The deafening sound of a dying forest

The sound of a dying forest is deafening! You can literally hear the beetles gnawing the wood. You can hear the roar of the raging fires as they explode up the hillside. You can hear the crash of trees as they fall from high winds and snow loads.

Where is that forest? Right here! All areas that are called “old growth” and all areas that are too thick with trees, which is much of our forest in Colorado. Today, many of our forests carry approximately 10 times the number of trees that existed 200 years ago. We tend to think that what we see today is the way it always has been. Records and pictures refute that concept. The forest we are so proud of today has been developed because of how it has been used in the past. It was logged, mines were opened, it was grazed, firewood was harvested, roads to do this were constructed, water tanks and lakes were constructed.

Without this past use, we would not have the availability of water for man, wildlife, recreation, agriculture and industry, nor would we have the dense, beautiful forest of today. The aged and dying forest of early times has been replaced by a dense, growing forest that is now also becoming stagnated and beginning to die a premature death, since we have decided not to develop and manage it or use it any longer.

We have seen thousands of acres of timber burned this past summer, along with thousands of acres of beetle-killed timber, waiting for the next fire. They say there is not much that can or could have been done since “there is no market” for the wood. The word “market” is incorrect since the United States imports more softwood lumber than the entire rest of the world combined. It takes about 10,000 board feet of lumber for an average single-family house. Most of our forests contain more than that on a single acre, and we burned up thousands of acres of it this one summer.

We do currently lack the milling capacity to use what we are now wasting. Why? Simply put, it is due to self-serving and misguided efforts of pseudo-environmentalists imposing federal laws and regulations that have severely limited and even eliminated most beneficial uses of the forests and the industry that made use of the resources for our economy.

This has not been in the best interests of the forest resources and the state of Colorado. Of the thousands of acres of timber we lost this year, how much could we have used locally instead of importing it from Chile, Canada and Germany like we do?

Today, we see our lakes at an all-time low, as are the streams. We hope for a good snowpack and wet summer to come. Will that help? Some, but not to the level it should. The 10-times overdense forest is preventing much of the water from reaching the streams and lakes and ponds. In a dense pine, spruce and fir forest, approximately 45 percent of the rain and snow may never reach the ground as it is intercepted in the branches and directly evaporates. The moisture that does reach the ground is used by the trees in the growing season in the amount of 10+ gallons per tree per day, depending on actual availability of water in the soil and the species of tree. In dry years, that doesn’t leave much for streams and lakes or anything else when you have an overly dense forest. Is there a correlation with our current dried-up springs, seeps, lakes and streams, with an overly dense forest?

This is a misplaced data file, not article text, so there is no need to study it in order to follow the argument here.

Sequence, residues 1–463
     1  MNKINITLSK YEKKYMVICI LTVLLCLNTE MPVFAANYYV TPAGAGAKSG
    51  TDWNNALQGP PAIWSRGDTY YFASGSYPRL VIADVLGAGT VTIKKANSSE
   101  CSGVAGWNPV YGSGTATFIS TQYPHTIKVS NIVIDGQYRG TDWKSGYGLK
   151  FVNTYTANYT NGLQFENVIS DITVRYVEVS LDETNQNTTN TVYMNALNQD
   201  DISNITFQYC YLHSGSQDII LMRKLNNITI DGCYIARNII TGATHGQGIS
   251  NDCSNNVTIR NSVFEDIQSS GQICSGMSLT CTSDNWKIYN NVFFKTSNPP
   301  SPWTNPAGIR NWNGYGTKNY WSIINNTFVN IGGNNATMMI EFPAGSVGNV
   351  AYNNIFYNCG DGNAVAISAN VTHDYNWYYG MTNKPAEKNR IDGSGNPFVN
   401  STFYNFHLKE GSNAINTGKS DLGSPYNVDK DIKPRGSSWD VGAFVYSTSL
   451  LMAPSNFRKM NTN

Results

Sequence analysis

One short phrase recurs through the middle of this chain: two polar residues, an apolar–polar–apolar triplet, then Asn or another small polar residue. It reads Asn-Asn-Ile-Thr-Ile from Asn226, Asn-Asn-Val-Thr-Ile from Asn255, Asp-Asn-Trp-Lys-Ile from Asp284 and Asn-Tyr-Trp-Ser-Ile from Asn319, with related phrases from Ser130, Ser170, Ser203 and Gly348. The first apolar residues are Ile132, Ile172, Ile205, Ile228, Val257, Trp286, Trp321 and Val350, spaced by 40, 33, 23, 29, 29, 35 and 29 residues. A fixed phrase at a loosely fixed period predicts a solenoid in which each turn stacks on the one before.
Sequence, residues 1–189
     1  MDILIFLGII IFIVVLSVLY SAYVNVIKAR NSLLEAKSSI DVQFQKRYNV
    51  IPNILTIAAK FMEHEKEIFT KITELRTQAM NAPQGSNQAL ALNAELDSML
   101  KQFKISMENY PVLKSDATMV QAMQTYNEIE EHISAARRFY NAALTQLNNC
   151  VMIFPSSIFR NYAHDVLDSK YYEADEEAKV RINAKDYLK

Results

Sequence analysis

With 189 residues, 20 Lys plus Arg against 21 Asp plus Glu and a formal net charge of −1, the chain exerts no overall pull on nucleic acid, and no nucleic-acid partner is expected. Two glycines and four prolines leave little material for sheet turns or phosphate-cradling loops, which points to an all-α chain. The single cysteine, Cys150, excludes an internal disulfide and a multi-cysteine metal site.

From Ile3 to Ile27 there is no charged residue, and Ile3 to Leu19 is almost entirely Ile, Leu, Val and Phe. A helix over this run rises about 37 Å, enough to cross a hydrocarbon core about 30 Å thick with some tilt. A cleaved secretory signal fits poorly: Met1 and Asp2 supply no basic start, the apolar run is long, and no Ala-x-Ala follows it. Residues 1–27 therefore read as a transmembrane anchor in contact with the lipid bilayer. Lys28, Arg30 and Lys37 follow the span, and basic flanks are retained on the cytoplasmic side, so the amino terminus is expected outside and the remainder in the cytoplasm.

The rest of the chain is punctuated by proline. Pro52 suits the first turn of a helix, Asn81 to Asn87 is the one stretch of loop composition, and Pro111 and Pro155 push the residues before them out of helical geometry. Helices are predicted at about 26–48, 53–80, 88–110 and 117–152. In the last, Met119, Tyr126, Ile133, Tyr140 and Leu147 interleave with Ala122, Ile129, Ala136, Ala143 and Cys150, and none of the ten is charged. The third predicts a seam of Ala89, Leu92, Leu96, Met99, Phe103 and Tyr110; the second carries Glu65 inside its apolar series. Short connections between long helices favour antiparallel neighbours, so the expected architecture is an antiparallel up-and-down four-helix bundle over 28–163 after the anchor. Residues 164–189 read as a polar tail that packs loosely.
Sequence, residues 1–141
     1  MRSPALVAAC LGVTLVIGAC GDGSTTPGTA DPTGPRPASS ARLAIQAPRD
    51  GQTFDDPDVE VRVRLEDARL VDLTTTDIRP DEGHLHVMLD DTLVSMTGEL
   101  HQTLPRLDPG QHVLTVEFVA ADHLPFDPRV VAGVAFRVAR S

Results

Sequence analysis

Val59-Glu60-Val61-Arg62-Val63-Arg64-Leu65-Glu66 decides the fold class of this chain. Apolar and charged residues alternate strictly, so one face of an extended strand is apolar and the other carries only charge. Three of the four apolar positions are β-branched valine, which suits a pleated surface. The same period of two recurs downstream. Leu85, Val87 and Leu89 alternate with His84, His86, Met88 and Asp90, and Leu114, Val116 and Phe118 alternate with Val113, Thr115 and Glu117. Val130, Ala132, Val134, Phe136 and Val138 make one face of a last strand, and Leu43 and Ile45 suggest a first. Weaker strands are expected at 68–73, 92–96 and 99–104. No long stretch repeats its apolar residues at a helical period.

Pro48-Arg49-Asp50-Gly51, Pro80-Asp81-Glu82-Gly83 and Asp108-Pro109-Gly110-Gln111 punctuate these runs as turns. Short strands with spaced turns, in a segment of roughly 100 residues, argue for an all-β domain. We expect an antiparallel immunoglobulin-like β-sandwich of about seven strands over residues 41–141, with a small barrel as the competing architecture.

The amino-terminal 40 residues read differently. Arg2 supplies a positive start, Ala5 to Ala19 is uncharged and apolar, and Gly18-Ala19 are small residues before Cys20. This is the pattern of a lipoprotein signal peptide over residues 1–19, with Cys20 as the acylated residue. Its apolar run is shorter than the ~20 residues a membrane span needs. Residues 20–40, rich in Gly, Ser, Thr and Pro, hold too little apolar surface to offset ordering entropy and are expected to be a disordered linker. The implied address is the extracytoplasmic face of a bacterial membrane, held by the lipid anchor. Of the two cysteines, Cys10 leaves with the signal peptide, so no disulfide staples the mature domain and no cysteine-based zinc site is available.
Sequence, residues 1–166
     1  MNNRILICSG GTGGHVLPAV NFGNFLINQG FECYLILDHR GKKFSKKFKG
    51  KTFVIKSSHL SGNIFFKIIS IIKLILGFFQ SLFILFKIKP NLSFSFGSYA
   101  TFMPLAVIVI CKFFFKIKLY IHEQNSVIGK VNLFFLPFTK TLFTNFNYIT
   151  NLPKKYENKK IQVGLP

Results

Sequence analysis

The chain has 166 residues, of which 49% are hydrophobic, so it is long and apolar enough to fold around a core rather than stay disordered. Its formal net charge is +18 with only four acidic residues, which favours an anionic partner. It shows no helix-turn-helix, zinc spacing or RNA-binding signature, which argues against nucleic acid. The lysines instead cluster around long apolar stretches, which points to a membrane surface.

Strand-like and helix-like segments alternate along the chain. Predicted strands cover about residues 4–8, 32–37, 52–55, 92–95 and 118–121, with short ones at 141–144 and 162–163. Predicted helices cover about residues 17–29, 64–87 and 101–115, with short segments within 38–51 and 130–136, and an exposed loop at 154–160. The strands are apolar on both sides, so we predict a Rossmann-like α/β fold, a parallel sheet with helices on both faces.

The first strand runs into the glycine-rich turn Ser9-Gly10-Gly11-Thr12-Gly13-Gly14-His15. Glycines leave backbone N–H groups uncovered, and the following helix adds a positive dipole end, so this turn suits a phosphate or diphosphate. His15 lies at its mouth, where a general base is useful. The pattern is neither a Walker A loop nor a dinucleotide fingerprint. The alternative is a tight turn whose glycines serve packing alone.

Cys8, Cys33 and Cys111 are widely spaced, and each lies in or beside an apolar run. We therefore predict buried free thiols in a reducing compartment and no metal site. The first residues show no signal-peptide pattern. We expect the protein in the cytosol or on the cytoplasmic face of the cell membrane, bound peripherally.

The forage needed to sustain and improve the livestock and elk herds is greatly affected by the lack of moisture reaching the ground in the dense forest area.

Is there a solution? Certainly, but not quickly, but it must be started as soon as possible. First, we have to get off of the misconception that locking up any forest area from management and multiple uses is “saving” or “preserving” it. Just the opposite is true! Its future as a viable growing forest is being destroyed by these efforts!

Second, we must initiate development of the wood-products industry to thin out the dense areas and use the constantly dying trees for beneficial uses, thus reducing the imports, and produce employment and new wealth locally. There is the potential for biomass-fuel power generation, which would have many added benefits. There are numerous remanufactured wood products and byproducts that can be explored and developed.

We need to revitalize the livestock industry’s use of the forest for cattle and sheep, which will help improve the forage and watershed protection, along with the wildlife.

As a minimum, these would begin the effort to reduce the losses from wildfires and diseases, improve watersheds, improve the local economy, improve opportunities for recreation, improve our wildlife habitat, and all, simply, as an output of revitalizing and conserving the forests for future generations.

Dexter Gill, a Lewis resident, is a retired state and tribal forester.

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